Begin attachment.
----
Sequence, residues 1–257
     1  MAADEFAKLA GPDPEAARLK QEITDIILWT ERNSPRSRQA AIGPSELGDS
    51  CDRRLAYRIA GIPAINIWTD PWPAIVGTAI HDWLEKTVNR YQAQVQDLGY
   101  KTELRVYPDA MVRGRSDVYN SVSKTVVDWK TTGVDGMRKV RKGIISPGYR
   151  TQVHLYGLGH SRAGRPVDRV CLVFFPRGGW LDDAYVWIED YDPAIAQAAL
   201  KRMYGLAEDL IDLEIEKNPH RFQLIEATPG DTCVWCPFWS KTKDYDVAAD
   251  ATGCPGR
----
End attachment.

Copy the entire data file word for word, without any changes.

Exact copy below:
Sequence, residues 1–257
     1  MAADEFAKLA GPDPEAARLK QEITDIILWT ERNSPRSRQA AIGPSELGDS
    51  CDRRLAYRIA GIPAINIWTD PWPAIVGTAI HDWLEKTVNR YQAQVQDLGY
   101  KTELRVYPDA MVRGRSDVYN SVSKTVVDWK TTGVDGMRKV RKGIISPGYR
   151  TQVHLYGLGH SRAGRPVDRV CLVFFPRGGW LDDAYVWIED YDPAIAQAAL
   201  KRMYGLAEDL IDLEIEKNPH RFQLIEATPG DTCVWCPFWS KTKDYDVAAD
   251  ATGCPGR